Assange lawyer admits he was wrong over interview
Julian Assange's lawyer told a court yesterday that prosecutors attempted to interview the WikiLeaks founder over sexual assault allegations while he was still in Sweden.
Bjorn Hurtig's admission contradicts his previous claim that the Swedish authorities had only asked to speak with Mr Assange after he had left the country. The lawyer admitted under cross-examination that he was mistaken to suggest that he had heard nothing from prosecutor Marianne Ny until after Mr Assange had left the country.
He accepted that he was in regular contact via text message and telephone with Ms Ny, but had forgotten to include the fact in his witness statement. In that document, he said that Ms Ny had not attempted to contact Mr Assange for five weeks – when Mr Assange, 39, was no longer in Sweden.
But yesterday, questioned by Clare Montgomery, for the Swedish authorities, he accepted that the delay was just three weeks. He said: "I have actually said that and that was wrong. It is true that that gave an impression which was to the advantage of Julian." Mr Hurtig said he realised his error earlier this week when preparing for his appearance yesterday.
The Swedish lawyer said the mistake was "embarrassing" and "should not have happened" but added: "It is important for Julian Assange that my statement is correct."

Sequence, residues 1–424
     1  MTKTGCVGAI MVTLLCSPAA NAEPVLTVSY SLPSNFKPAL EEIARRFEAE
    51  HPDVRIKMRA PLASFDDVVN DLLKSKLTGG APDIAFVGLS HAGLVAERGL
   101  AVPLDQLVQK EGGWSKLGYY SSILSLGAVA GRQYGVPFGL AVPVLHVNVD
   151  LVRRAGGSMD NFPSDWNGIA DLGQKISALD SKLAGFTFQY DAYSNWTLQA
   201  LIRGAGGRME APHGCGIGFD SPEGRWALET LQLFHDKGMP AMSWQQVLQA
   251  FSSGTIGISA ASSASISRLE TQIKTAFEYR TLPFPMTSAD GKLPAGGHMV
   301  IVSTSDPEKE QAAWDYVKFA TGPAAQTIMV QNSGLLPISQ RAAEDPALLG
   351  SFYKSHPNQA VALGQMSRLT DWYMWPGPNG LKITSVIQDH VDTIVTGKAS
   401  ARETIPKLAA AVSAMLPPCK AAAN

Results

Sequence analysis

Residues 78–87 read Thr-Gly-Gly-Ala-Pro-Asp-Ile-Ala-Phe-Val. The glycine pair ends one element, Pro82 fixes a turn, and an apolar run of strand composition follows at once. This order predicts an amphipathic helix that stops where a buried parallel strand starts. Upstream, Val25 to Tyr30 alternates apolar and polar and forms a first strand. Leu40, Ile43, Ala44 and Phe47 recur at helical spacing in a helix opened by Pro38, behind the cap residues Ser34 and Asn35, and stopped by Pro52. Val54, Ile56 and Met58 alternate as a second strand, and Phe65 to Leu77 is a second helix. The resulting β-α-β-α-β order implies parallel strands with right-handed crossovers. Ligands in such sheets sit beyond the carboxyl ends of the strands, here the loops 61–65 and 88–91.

Mr Hurtig denied that it was he who told Mr Assange to leave the country, warning that he risked being arrested. And he also denied that he had told Ms Ny that Mr Assange had no intention of returning to Sweden to be interrogated. Mr Assange is wanted in Sweden over allegations that he sexually assaulted two women in August. He denies the accusations. Yesterday's extradition hearing, sitting at Woolwich Crown Court in London, heard that Ms Ny had first spoken with Mr Hurtig on 15 September, when she agreed there was nothing to stop Mr Assange leaving Sweden. But six days later she contacted Mr Hurtig requesting an interview with Mr Assange. But despite Ms Ny and Mr Hurtig being in regular contact, the lawyer was not able to speak to his client to arrange for him to be interviewed before he left Sweden on 27 September – the same day a Swedish arrest warrant was issued against him.
Mr Hurtig said he was unable to reach Mr Assange and did not realise that he had left the country until he received a telephone call on 29 September. By then the Australian was in Germany, and later flew to Britain.
There were subsequent attempts to arrange an interview with him in October, but the arrangements did not suit Mr Assange and a date he suggested did not meet with the approval of Ms Ny.
In November, the prosecutor informed Mr Hurtig that she planned to issue a European arrest warrant.
Yesterday, the court also heard that investigators have collected around 100 messages between Mr Assange and his two alleged victims which undermine the case against him.
Mr Hurtig said the texts indicate the women expected to be paid, intended to get "revenge" and wanted to contact newspapers to "blast" his client's reputation. But Mr Hurtig said he had not been allowed to access the texts, making it impossible for Mr Assange to receive a fair trial.
The case continues on Friday.
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